Education And Debate

Where is the evidence that animal research benefits humans?

BMJ 2004; 328 doi: http://dx.doi.org/10.1136/bmj.328.7438.514 (Published 26 February 2004) Cite this as: BMJ 2004;328:514
  1. Pandora Pound, research fellow1,
  2. Shah Ebrahim, professor1,
  3. Peter Sandercock, professor2,
  4. Michael B Bracken, professor3,
  5. Ian Roberts, professor (Ian.Roberts@lshtm.ac.uk)4
  1. 1Department of Social Medicine, University of Bristol, Bristol BS8 2PR
  2. 2Department of Clinical Neurosciences, University of Edinburgh, Western General Hospital, Edinburgh EH4 2XU
  3. 3Center for Perinatal, Pediatric, and Environmental Epidemiology, Yale University School of Medicine, New Haven, CT 06520 USA
  4. 4London School of Hygiene and Tropical Medicine, London WC1B 3DP
  1. Correspondence to: I Roberts

    Much animal research into potential treatments for humans is wasted because it is poorly conducted and not evaluated through systematic reviews

    Clinicians and the public often consider it axiomatic that animal research has contributed to the treatment of human disease, yet little evidence is available to support this view. Few methods exist for evaluating the clinical relevance or importance of basic animal research, and so its clinical (as distinct from scientific) contribution remains uncertain.1 Anecdotal evidence or unsupported claims are often used as justification—for example, statements that the need for animal research is “self evident”2 or that “Animal experimentation is a valuable research method which has proved itself over time.”3 Such statements are an inadequate form of evidence for such a controversial area of research. We argue that systematic reviews of existing and future research are needed.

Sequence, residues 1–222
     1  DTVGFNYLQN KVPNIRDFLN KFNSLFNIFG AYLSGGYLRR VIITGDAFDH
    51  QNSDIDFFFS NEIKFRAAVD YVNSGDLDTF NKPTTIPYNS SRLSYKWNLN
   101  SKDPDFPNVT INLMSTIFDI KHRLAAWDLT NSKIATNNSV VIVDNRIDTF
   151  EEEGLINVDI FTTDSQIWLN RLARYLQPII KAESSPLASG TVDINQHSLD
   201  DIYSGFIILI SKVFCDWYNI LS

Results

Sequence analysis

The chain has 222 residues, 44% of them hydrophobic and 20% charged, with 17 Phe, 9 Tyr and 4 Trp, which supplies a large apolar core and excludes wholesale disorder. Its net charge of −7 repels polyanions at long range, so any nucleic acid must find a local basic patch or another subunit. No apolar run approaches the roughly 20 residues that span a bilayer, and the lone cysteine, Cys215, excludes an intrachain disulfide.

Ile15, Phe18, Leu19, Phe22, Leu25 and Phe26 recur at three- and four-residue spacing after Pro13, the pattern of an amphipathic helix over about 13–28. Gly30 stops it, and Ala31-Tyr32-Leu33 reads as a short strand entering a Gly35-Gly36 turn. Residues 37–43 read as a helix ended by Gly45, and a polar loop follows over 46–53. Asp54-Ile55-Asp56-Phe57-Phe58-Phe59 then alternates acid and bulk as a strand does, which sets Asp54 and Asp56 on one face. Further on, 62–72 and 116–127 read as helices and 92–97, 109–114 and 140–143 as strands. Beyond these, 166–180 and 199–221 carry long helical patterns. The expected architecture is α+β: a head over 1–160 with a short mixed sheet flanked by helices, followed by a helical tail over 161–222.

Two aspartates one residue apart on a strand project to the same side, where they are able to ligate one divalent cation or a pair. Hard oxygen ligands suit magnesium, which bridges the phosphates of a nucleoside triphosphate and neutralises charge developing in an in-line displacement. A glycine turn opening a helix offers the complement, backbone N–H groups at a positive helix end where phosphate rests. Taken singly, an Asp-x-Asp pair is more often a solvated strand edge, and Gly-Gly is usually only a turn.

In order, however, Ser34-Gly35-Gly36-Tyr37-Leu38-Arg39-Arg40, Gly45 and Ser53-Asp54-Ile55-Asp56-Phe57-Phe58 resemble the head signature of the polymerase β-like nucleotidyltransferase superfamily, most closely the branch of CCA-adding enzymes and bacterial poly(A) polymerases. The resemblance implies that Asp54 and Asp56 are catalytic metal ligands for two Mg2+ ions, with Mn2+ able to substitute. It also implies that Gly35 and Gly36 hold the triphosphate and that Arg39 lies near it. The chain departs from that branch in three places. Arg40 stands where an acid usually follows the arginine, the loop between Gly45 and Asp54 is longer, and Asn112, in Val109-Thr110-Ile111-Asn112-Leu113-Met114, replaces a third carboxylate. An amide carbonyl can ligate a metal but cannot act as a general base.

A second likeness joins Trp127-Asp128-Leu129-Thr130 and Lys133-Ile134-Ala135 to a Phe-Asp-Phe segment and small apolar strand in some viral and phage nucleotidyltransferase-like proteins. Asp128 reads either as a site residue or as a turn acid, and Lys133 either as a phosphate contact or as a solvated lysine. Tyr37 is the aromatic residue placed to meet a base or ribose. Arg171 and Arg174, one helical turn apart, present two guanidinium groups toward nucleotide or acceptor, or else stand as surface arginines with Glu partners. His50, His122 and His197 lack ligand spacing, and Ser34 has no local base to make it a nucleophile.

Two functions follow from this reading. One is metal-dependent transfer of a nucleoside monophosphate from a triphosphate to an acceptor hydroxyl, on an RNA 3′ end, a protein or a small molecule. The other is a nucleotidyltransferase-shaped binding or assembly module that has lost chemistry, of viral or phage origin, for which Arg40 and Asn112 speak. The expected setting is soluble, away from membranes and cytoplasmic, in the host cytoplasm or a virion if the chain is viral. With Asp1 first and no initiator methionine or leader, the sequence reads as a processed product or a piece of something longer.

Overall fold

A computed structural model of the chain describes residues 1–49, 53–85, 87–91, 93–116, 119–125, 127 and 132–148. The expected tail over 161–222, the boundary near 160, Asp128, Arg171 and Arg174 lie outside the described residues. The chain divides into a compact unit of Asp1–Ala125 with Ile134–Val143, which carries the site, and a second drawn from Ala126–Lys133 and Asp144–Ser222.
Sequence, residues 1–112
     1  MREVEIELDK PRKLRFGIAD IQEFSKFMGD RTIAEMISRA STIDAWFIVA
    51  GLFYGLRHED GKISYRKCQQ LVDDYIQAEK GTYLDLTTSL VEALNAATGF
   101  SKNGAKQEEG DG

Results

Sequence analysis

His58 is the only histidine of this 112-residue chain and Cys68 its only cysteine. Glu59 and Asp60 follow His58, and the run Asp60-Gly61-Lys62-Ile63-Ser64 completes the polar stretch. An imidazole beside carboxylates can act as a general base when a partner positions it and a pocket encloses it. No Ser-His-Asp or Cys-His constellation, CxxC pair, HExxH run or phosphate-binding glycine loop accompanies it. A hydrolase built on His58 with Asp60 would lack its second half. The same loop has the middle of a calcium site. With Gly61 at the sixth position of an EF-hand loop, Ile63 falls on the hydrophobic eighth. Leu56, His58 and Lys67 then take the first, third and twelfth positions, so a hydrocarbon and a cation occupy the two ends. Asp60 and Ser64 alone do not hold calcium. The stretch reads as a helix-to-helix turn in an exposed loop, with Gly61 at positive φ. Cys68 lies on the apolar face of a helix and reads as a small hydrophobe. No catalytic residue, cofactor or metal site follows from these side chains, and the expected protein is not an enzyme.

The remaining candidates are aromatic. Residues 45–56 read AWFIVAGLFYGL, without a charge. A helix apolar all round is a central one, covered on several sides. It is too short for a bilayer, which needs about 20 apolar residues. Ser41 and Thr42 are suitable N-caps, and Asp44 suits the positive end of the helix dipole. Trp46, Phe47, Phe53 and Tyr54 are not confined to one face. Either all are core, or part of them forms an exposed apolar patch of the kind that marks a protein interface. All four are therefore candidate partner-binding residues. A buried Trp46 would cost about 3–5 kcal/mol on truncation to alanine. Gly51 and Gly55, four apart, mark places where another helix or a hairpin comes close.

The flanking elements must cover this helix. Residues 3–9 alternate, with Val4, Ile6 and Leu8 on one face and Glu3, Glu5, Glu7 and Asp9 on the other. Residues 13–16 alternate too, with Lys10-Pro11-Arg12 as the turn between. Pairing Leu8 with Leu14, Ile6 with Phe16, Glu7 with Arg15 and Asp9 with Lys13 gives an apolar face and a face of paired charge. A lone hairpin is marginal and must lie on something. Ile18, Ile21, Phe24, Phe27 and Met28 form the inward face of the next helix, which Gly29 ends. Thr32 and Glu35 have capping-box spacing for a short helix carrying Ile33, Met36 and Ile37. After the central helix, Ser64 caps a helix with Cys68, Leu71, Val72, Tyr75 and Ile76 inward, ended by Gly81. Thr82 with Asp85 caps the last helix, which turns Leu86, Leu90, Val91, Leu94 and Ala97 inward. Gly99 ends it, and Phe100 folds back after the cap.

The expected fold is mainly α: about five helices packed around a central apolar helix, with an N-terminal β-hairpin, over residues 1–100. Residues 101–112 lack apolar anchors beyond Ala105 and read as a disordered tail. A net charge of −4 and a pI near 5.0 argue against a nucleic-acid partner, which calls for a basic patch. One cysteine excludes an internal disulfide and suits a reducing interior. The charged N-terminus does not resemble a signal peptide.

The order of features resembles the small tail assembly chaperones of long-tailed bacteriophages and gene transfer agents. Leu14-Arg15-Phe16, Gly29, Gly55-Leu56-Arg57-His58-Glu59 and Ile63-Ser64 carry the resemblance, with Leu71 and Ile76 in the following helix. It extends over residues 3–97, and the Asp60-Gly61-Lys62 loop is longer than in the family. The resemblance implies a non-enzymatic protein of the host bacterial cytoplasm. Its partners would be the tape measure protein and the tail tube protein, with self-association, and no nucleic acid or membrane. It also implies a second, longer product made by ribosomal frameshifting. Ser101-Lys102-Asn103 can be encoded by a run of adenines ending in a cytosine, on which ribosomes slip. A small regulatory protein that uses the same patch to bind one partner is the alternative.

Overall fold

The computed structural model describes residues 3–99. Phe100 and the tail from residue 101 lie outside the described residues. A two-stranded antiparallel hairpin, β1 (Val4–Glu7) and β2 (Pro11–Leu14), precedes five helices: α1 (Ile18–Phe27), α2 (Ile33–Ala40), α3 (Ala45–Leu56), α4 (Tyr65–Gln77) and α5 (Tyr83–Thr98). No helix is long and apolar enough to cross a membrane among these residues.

Assessing animal research

    Despite the lack of systematic evidence for its effectiveness, basic animal research in the United Kingdom receives much more funding than clinical research.1 4 5 Given this, and because the public accepts animal research only on the assumption that it benefits humans,6 the clinical relevance of animal experiments needs urgent clarification.

    Several methods are available to evaluate animal research. These include historical analysis,7 critiques of animal models,8 investigations into the development of treatments,5 surveys of clinicians' views,9 and citation analyses.10 However, perhaps the best way of producing evidence about the value of animal research is to conduct systematic reviews of animal studies and, where possible, compare the results of these with the results of the corresponding clinical trials. So what do studies that have done this show?

    Systematic reviews of animal research

    We searched Medline to identify published systematic reviews of animal experiments (see bmj.com for the search strategy). The search identified 277 possible papers, of which 22 …

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